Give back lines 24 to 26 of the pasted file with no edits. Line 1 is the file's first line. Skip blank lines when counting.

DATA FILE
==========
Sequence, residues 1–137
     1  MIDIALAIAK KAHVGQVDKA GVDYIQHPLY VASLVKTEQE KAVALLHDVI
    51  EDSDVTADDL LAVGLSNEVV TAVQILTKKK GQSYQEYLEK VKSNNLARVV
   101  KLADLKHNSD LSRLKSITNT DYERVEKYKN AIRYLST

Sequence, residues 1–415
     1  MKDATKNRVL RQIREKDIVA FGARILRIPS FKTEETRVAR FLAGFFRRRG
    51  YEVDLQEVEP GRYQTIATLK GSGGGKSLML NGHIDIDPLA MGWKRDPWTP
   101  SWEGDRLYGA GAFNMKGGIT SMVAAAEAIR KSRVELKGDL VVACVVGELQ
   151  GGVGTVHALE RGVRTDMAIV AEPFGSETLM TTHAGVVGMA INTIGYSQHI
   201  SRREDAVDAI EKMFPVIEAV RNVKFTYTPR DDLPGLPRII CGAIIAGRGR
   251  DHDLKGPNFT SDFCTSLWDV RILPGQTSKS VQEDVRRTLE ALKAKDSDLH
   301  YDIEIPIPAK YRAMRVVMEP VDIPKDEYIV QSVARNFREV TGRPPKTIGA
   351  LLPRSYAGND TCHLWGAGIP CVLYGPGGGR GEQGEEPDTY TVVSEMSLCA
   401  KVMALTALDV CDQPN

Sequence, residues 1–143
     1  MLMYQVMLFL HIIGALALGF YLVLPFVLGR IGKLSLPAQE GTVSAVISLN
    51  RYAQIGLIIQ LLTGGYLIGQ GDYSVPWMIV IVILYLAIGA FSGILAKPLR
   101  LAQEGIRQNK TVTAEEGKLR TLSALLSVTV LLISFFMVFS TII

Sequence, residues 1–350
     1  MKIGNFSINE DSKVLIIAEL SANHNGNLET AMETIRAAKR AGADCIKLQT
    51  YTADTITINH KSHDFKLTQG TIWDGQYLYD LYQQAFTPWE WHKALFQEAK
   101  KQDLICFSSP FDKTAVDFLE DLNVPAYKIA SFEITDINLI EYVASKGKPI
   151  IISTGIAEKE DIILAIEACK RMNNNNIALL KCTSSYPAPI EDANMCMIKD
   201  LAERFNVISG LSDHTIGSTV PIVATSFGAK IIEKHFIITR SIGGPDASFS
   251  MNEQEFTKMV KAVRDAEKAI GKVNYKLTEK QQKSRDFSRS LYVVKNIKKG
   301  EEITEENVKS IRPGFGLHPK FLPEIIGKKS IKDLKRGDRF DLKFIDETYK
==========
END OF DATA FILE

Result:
   201  LAERFNVISG LSDHTIGSTV PIVATSFGAK IIEKHFIITR SIGGPDASFS
   251  MNEQEFTKMV KAVRDAEKAI GKVNYKLTEK QQKSRDFSRS LYVVKNIKKG
   301  EEITEENVKS IRPGFGLHPK FLPEIIGKKS IKDLKRGDRF DLKFIDETYK